Miss P


10 Lana March 19, 2013 at 9:52 pm

Oh yes, cornbread just about makes it perfect!


11 icakepops March 19, 2013 at 10:00 pm

What a great post, Lana! Funny, entertaining and yummy!


12 Lana March 21, 2013 at 11:21 am

Thanks so much!


13 Brenda @ a farmgirl's dabbles March 19, 2013 at 10:53 pm

We’re still cold and snowy here…boo-hoo. Perfect for chili, no matter what you name it! Love this, Lana!


14 Lana March 21, 2013 at 11:23 am

Thanks Brenda! All our trees and some flowers are in bloom and then this morning…again…it’s freezing!! I’m so ready to see the backside of winter.


15 Cookin' Canuck March 19, 2013 at 11:44 pm

This chili is real enough to me, and it sounds absolutely fantastic!


16 Lana March 21, 2013 at 11:23 am

Thanks Dara. It’s real enough for us, too :-)


17 Sues March 20, 2013 at 9:30 am

Looks like real chili to me! And I would love to have some to warm me up in this freezing Boston weather right now… Happy spring! :)


18 Lana March 21, 2013 at 11:24 am

Wish I could ship a bowl full right up to Boston for you.


19 nest of posies March 20, 2013 at 9:59 am

yet again we are going to have some cold days this week & nothing sounds better than your chili recipe! YUM!


20 Lana March 21, 2013 at 11:24 am

It’s cold here, too! I just might have to make another pot full of this chili for dinner.


21 Amanda March 20, 2013 at 6:55 pm

A woman after my own heart :) I love my chili with kidney beans, though my husband’s digestive tract can’t handle the green pepper :-( This looks delicious!


22 Lana March 21, 2013 at 11:21 am

Amanda – I find that the red, yellow, and orange peppers are just as good and seem to be easier to handle for folks with sensitive digestion. Just an idea.


23 Nancy@acommunaltable March 21, 2013 at 11:39 am

I love chili in ALL its forms – Texas style, with beans, cincinnati style – you name it! My fave has a little unsweetened cocoa powder and black beans in it – definitely NOT “traditional” but definitely good!


24 Lana March 21, 2013 at 9:13 pm

I love chili, too, Nancy. Even though it’s not authentic, it’s one of the most soul-warming things you can make on a cold day.


25 Neena March 22, 2013 at 3:00 pm

This looks great to me!! (no matter what you call it)


26 Lana March 23, 2013 at 5:44 pm

It’s our favorite. More beans and veggies than meat, really. And seasoned just the way we like it.


27 Rebecca March 23, 2013 at 11:36 am

This is too real chili! There are as many chili recipes and types as there are pasta recipes. I think of it like bbq. Tennessee bbq, Texas bbq, and Memphis bbq are all different, but just as equally deserving of the title bbq (unlike the New England version of bbq which is nothing but hamburgers and hotdogs). Chili with beans and tomatoes may not be Texas Chili, but just as deserving of the title Chili. AND, all of this from someone that just did a post on Texas chili without beans!


28 Lana March 23, 2013 at 5:48 pm

Now, barbecue is a touchy subject among Southerners for sure. Everyone has his or her own way of doing it and there are as many recipes for the sauce as there are cooks making it. Real or not…this is just our favorite bowl of chili. I do still want to try my hand at making a “Bowl of Red” one day!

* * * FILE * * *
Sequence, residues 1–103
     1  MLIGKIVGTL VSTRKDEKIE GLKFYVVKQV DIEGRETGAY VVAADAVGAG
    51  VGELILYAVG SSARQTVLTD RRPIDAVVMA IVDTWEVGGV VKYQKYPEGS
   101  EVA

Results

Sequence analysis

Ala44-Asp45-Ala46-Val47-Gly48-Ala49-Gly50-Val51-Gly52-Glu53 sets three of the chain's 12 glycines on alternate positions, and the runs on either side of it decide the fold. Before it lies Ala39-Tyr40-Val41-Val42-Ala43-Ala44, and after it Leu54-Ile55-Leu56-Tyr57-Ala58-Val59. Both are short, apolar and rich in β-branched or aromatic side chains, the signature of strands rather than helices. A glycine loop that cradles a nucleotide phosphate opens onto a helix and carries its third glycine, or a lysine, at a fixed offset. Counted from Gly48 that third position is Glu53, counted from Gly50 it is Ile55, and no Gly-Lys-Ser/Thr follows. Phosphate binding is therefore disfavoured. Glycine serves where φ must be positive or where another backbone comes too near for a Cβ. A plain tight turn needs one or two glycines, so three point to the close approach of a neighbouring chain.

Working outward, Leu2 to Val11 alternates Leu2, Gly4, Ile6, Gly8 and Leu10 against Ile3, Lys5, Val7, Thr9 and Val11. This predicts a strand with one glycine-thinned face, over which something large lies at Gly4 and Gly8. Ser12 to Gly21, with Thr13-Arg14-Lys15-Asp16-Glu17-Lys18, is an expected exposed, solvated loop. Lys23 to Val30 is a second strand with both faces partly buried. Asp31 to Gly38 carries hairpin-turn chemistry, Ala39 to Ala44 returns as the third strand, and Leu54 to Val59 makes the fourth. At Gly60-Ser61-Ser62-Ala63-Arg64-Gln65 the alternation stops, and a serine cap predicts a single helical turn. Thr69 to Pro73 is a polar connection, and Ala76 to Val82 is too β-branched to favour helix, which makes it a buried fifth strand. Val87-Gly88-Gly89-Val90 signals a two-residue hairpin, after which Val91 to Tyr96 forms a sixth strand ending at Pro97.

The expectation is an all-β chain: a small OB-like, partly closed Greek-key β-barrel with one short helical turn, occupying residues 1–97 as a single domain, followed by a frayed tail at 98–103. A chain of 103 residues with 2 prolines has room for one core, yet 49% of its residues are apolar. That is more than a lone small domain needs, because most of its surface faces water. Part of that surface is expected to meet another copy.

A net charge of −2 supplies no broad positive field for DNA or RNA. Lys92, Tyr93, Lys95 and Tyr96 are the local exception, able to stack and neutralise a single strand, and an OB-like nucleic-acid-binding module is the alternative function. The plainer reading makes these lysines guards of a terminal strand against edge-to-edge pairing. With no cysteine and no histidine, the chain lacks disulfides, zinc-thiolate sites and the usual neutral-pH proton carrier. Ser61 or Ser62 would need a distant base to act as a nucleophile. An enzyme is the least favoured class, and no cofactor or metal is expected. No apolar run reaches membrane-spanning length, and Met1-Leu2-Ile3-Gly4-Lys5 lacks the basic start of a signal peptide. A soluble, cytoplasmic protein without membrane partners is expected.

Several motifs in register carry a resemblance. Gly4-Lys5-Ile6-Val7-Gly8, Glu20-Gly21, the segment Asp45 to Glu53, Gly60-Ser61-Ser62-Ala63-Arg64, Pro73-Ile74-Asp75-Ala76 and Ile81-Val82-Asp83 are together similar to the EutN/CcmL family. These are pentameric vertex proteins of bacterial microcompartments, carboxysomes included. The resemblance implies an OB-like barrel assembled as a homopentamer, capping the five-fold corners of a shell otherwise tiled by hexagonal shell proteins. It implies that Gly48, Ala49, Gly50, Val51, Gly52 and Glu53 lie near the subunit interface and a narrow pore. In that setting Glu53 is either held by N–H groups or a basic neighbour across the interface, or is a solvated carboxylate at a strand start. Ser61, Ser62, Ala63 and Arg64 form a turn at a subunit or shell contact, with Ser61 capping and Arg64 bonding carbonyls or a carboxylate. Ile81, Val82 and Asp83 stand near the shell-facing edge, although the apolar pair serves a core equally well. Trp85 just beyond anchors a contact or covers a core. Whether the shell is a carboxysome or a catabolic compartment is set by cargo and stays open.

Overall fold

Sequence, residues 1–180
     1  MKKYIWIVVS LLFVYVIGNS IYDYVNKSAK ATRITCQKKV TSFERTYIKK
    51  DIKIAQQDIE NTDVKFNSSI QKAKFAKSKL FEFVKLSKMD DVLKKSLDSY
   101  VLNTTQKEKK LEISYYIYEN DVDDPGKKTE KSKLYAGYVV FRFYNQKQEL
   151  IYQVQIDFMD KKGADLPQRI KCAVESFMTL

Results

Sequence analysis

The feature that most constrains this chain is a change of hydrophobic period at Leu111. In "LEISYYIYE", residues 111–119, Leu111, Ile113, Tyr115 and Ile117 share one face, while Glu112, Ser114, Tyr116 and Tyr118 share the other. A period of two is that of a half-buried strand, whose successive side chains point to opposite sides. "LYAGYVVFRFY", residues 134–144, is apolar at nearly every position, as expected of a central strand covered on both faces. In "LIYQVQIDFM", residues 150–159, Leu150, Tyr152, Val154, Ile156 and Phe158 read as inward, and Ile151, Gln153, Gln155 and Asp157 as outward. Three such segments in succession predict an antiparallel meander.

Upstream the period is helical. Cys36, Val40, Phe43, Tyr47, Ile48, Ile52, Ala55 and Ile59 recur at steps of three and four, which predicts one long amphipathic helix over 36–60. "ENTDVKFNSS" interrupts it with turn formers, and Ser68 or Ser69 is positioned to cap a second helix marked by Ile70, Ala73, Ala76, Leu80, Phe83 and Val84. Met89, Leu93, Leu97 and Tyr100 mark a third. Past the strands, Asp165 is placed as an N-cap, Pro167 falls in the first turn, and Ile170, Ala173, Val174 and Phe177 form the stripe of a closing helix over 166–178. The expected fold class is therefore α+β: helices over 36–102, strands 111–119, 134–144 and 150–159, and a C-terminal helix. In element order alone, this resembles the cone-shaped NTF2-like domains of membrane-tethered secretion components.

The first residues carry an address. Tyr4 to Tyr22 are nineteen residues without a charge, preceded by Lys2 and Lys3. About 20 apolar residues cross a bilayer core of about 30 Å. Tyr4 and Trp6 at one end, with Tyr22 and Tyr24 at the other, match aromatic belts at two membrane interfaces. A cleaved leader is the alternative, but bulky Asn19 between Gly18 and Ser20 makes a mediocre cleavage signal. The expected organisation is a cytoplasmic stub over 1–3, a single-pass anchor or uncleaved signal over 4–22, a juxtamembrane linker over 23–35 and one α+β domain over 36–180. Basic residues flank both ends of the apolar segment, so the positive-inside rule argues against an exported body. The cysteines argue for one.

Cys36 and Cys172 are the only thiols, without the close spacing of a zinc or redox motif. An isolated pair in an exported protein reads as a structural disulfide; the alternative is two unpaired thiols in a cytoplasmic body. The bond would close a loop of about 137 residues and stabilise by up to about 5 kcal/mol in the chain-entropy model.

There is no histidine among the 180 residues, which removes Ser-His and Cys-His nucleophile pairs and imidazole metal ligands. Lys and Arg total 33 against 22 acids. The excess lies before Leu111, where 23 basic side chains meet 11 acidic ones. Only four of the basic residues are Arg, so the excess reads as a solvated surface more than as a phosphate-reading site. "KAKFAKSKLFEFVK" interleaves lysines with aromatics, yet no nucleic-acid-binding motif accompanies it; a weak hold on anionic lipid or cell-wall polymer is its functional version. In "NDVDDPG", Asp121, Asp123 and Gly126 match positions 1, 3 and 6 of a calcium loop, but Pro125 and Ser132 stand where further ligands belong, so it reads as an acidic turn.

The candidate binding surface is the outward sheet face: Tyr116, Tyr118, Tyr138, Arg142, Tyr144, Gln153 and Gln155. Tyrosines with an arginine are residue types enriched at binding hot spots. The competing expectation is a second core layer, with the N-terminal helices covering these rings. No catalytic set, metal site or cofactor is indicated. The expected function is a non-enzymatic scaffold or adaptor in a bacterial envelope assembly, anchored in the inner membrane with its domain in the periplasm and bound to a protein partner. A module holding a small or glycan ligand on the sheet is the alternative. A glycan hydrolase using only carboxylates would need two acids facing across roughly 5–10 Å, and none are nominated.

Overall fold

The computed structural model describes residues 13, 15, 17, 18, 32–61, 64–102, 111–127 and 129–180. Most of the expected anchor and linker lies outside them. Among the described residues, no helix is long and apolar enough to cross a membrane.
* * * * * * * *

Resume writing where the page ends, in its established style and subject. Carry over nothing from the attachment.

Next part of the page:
29 Rebecca March 23, 2013 at 9:18 pm

You’re telling me! With a mom from southern Georgia, a dad from northern Alabama and with us living in Texas for the better part of two decades, barbecue can bring on a full-fledged Hatfield v. McCoy hissy fit in my family. In the end, I’ll eat any of it as long as it tastes good. Same with chili. I love really good chili without tomatoes and beans; my years in Texas make it my preference. But, as others have mentioned, even in Texas you get chili with beans and tomatoes (we just don’t like to talk about it!) Your chili looks just about as good as any other, Texas or not.


30 Pat March 23, 2013 at 2:38 pm

It is snowing here and I just got a pot on to simmer. We are having taco salad for supper.


31 Lana March 23, 2013 at 5:48 pm

That sounds delicious, Pat. I haven’t made taco salads in quite a long time. We’re overdue for some :-)


32 Pat March 23, 2013 at 9:08 pm

They were good.


33 Allie March 25, 2013 at 5:40 pm

Hi! I made this chili last week and have reviewed this recipe on my blog. You can check it out at:

I followed the recipe word-for-word and it was delicious!


34 Elizabeth April 9, 2013 at 6:05 pm

Am I the only one who can’t figure out how much water to add? Help!


35 Lana April 9, 2013 at 7:03 pm

I usually add between 1 and 1 1/2 cups. It depends on how thin or thick you like your chili. It’s one of those things that you can’t really give a definite measurement for.


36 Cage Free Family June 17, 2013 at 10:43 pm

This is precisely the chili I grew up eating, with the only missing ingredient being the elbow noodles. I’ve spent most of my life in Texas and I can honestly say that to me ‘real chili’ has beans and tomatoes.


37 pansy spoulos January 27, 2014 at 7:51 pm

the instructions call for adding water with the tomatoes, beans etc; but the recipe does not tell you how much water


38 Lana Stuart January 27, 2014 at 8:05 pm

It’s not a set amount. You should add enough water to make the chili the thickness that you like. I usually start with about 1/2 cup and may add more as it cooks down and the water evaporates.